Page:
When talking about strength and training in the context of skiing and snowboarding, it is important to put emphasis on functional movement and strength. In reality, the best training for skiing is skiing itself. However, exercises that mimic rapid shifts in terrain, and shifts in your body’s center of gravity relative to the slope, will be effective in preparing your cardiovascular and muscle systems ready for the shred to come.
These are only recommended workouts. Always listen to your body and don’t do anything that hurts or over-exerts yourself.
Whether before a workout or before a day of shred, paying time to work on your flexibility is important if you plan to stay mobile and active all winter (or in general). One of the best options for flexibility is yoga (which we highly recommend, haters be damned). Dynamic warm-ups before workouts and stretching after workouts are crucial if you want to recover faster and stay on the hill all winter long without injury.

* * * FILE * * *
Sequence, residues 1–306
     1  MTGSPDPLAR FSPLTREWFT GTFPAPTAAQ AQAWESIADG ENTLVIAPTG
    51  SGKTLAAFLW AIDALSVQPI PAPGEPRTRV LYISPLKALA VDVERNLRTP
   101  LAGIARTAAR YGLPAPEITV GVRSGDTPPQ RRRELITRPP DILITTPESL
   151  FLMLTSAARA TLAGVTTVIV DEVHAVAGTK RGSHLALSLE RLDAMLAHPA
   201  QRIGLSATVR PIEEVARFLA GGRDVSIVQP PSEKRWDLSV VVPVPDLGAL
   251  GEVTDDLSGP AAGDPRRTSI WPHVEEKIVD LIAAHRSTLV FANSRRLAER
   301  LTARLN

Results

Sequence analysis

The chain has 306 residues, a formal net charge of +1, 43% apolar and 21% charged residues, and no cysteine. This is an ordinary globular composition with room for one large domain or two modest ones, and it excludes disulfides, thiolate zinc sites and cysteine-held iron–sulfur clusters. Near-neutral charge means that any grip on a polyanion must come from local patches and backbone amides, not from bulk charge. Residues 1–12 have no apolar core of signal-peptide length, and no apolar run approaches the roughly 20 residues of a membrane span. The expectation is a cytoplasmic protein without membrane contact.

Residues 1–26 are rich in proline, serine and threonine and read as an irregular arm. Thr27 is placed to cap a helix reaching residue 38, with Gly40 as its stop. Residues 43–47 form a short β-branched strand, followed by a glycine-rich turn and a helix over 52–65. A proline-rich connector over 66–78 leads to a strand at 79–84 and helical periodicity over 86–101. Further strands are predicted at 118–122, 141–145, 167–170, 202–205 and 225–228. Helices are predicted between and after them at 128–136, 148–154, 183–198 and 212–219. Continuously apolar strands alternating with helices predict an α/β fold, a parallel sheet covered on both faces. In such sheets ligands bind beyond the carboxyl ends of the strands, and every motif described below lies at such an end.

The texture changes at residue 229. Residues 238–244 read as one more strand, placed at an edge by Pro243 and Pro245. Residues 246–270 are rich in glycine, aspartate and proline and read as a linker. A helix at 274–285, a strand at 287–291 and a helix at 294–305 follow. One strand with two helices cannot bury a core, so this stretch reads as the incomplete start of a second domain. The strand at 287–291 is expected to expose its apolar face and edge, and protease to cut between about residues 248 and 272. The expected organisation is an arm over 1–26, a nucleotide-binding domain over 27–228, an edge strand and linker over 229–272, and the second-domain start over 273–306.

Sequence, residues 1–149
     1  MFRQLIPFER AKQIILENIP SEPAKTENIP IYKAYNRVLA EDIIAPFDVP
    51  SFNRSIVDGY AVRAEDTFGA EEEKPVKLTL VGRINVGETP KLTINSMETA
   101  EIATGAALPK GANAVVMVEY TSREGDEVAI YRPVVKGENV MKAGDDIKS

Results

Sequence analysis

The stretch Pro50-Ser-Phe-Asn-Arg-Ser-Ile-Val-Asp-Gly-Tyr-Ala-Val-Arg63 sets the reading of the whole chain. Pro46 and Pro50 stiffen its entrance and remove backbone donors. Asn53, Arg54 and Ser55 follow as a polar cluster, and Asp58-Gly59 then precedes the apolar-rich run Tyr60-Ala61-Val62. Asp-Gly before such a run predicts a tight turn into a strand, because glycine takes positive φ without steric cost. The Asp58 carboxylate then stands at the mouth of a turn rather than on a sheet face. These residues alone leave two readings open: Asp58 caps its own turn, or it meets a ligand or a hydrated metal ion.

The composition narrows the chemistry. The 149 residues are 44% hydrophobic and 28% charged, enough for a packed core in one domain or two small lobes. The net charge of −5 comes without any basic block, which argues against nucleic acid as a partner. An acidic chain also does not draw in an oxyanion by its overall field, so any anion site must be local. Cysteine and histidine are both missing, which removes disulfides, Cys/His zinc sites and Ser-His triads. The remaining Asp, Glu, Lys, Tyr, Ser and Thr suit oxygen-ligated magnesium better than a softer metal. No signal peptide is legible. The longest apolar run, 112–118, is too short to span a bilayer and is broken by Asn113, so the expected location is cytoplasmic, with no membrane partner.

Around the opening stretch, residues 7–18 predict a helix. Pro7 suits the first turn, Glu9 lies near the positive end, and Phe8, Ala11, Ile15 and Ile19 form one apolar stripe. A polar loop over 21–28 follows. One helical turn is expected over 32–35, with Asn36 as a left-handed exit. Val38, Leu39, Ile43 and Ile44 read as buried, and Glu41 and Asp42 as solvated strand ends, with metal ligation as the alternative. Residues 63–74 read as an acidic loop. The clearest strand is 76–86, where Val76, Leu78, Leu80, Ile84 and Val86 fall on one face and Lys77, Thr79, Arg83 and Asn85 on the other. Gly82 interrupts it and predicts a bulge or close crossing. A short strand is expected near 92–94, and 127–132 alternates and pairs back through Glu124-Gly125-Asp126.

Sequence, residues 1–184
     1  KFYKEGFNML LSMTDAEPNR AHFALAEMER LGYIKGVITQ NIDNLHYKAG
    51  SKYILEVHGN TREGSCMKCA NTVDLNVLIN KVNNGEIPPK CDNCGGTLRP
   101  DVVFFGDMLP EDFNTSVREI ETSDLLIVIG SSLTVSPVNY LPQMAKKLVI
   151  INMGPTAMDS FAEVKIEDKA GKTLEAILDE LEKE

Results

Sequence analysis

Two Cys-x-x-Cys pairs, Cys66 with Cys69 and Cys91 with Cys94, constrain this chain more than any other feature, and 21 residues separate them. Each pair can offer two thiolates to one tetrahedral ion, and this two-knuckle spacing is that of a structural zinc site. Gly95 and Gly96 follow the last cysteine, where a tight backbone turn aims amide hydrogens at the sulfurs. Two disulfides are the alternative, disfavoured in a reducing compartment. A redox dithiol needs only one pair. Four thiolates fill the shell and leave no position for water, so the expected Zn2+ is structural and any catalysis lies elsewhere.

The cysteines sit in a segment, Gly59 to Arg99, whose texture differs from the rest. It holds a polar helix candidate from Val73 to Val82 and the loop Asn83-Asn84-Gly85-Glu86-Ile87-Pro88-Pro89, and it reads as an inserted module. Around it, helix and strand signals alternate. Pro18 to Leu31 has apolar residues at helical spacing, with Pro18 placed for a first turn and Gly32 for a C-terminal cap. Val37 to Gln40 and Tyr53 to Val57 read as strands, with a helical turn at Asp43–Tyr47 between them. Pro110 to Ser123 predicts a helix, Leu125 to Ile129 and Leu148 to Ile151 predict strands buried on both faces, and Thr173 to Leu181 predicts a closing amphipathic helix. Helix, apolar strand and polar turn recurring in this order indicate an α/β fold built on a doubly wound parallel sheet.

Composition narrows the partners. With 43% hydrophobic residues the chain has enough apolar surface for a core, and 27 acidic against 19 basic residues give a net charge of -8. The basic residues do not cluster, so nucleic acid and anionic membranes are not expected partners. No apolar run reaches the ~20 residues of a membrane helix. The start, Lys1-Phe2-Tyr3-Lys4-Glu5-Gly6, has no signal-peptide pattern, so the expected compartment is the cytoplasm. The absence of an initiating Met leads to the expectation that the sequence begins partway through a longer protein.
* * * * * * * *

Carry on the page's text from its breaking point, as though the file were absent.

Bikram Yoga Warm-Up:
- 10 Deep Breaths: With fingers crossed under your chin, exhale out bringing the elbows together and pushing the head back. Take a deep breath in as your elbows go up, chin comes down, and stomach gets sucked in. And repeat.
- Side Bend: Cross your fingers, point, and reach your arms straight up. Bend your arms and upper body far from side to side while pushing your hips out to the other side, all while maintaining a flat plane with your body.
- Back Bend: With arms still pointed straight up, look behind you and lean back while pushing your hips forward. Come back and bend your body all the way forward, touching your hands to the ground. With knees bent, alternate stretching out your hamstrings.
- Deep Stretch: Crouch down and place your hands under the back of each heel so you are standing on them. Bend forward, hug your face to your knees, and slowly work towards straightening your legs out while pulling with your hands.